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The Rise and Fall of Barack Obama: Seth J. Frantzman, Jerusalem Post, Feb. 22, 2015 — On February 19, US President Barack Obama delivered another perplexing speech at the Summit on Countering Violent Extremism in Washington.

Obama Won’t Beat IS With a Half-Hearted Strategy: Konrad Yakabuski, Globe & Mail, Feb. 23, 2015 — The only thing worse than a commander-in-chief who sees the enemy around every corner is one who’s unclear about whom or what he is fighting.

Obama’s Iran Policy and Israel’s Elections: Prof. Efraim Inbar, BESA, Feb. 16, 2014— Unfortunately, there are many sources of tension between the Obama administration and Netanyahu’s government.

Obama’s American Sniper: Daniel Henninger, Wall Street Journal, Jan. 21, 2015— Barack Obama was 15 minutes into his State of the Union speech when I arrived home to watch it, having just walked back from seeing “American Sniper.”


On Topic Links


Raging Rudy Giuliani Destroys Obama's Policies on Islamism and Iran (Video): Youtube, Feb. 13, 2015

Why is Obama Fixated on Iran?: David M. Weinberg, Israel Hayom, Feb. 16, 2015

ISIS and Obama’s Summit: Wall Street Journal, Feb. 16, 2015

Blankets for Ukraine: Elliott Abrams, Council on Foreign Relations, Feb. 5, 2015

Running for Daylight (Obama, Not Brady): Maureen Dowd, New York Times, Jan. 24, 2015




Seth J. Frantzman                    

Jerusalem Post, Feb. 22, 2015


On February 19, US President Barack Obama delivered another perplexing speech at the Summit on Countering Violent Extremism in Washington. The speech began in a logical manner, addressing the rise of Islamic State in Syria and Iraq, terrorism in Sinai, Copenhagen, Paris, Somalia, Nigeria and against Israel and Pakistan. “We must remain unwavering in our fight against terrorist organizations,” he said. He claimed that Muslim communities have a responsibility to push back the “lie that we are somehow engaged in a clash of civilizations; that America and the West are somehow at war with Islam or seek to suppress Muslims; or that we are the cause of every ill in the Middle East.”


Then Professor Obama emerged, who began to lecture the audience. “We must address the grievances that terrorists exploit, including economic grievances…when people feel entirely trapped in impoverished communities, where there is no order and no path for advancement, where there are no educational opportunities, where there are no ways to support families, and no escape from injustice and the humiliations of corruption – that feeds instability and disorder, and makes those communities ripe for extremist recruitment.” He wants us to combat “economic grievances.”


He plodded on, talking about education for girls, and about democracy. He delved into minutiae, recalling a nameless “young Palestinian working to build understanding and trust with Israelis, but also trying to give voice to her people’s aspirations.” And he told people, “The world knows about the attack on the Jews at the kosher supermarket in Paris; we need to recall the worker at that market, a Muslim, who hid Jewish customers and saved their lives.” His speech was pilloried across the political spectrum, with Peter Bergen at CNN calling it “nonsense.” The speech was the latest in a litany of strange episodes in which the US president has wrestled with what to say about Islamist terrorism. In Early February he told a Vox interview, “It is entirely appropriate for the American people to be deeply concerned when you’ve got a bunch of violent, vicious zealots who behead people or randomly shoot a bunch of folks in a deli in Paris.” The “random” aspect was latched onto by the media, which lambasted him for his callous terminology. On February 10 the White House press secretary was hammered over the comments, and couldn’t bring himself to have much sympathy with the victims: “These were individuals who happened to randomly be in this deli and were shot while they were there.”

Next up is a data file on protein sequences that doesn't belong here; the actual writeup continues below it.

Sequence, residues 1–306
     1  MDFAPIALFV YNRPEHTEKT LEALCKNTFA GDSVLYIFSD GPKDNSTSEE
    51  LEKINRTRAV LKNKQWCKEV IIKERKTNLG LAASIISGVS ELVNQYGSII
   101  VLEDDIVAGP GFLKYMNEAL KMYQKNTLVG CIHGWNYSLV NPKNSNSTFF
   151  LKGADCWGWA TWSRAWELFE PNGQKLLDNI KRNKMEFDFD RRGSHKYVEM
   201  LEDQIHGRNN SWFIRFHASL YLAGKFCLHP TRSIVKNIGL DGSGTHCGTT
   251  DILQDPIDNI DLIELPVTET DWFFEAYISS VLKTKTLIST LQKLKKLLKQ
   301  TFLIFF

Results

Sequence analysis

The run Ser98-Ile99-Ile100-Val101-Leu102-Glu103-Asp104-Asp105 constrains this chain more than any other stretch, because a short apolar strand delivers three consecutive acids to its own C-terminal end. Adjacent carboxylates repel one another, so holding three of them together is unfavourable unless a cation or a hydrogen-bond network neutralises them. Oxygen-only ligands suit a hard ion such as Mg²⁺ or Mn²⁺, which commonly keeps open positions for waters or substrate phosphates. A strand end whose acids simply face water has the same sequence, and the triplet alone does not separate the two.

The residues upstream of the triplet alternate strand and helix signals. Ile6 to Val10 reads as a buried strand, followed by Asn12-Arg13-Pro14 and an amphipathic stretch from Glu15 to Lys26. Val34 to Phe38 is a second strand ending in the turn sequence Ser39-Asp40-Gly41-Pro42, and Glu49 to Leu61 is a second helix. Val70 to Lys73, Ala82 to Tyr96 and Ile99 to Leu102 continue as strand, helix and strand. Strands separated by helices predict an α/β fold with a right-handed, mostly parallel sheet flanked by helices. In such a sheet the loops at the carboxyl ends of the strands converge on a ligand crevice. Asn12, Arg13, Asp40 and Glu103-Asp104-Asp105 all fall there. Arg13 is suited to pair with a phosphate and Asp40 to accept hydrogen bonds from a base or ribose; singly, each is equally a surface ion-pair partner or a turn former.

The latest episode caps a whole month of failed speeches. At the National Prayer Breakfast, just after a Jordanian pilot had been burned alive by Islamic State (IS), Obama lectured the audience: “And lest we get on our high horse and think this is unique to some other place, remember that during the Crusades and the Inquisition, people committed terrible deeds in the name of Christ.” Playing imam, he told people that IS was “betraying Islam” and quoted a Hadith that states, “None of you truly believes until he loves for his brother what he loves for himself.” He labeled Syria a “sectarian war,” and claimed that there was “murder of Muslims and Christians in Nigeria,” seemingly unable to admit what was behind these murders. They were, as others would later point out, not random, as much as Obama might like them to be, but part of a carefully planned religious crusade by Islamist extremists.


Some people look at Obama and they see an apologist for Islamism. They look at his momentous Cairo speech in 2009, “A new beginning,” and see him blaming the West. They were dismayed that the massacre at Fort Hood in 2009 by Major Nidal Hassan was labeled “workplace violence,” when it was clear Hassan had been in contact with Muslim cleric Anwar al-Awlaki. Then there was the comment by NASA chief Charles Bolden in 2010 that his foremost mission, direct from the president, was “to find a way to reach out to the Muslim world and engage much more with dominantly Muslim nations to help them feel good about their historic contribution to science, math and engineering.”


In some ways, though, the radical rightwing anti-Obama screed, according to which the president is secretly either a Muslim or at the very least not an American citizen, have helped shield Obama from discussion of his real failures. Those like Dinesh D’Souza, author of The Roots of Obama’s Rage, have claimed “the real Obama is a man shaped by experiences far different from those of most Americans; he is as much stranger, more determined, and exponentially more dangerous man than you’d ever imagined.” Obama is portrayed as a weakling, a campus radical with connections to Palestinian intellectual extremists, raised to dislike America and find favor in neo-colonial struggles. Over the weekend former New York mayor Rudy Giuliani told people, “I do not believe, and I know this is a horrible thing to say, but I do not believe that the president loves America.” Comments like this may have helped Obama because his enemies have caused us to forget what has actually happened.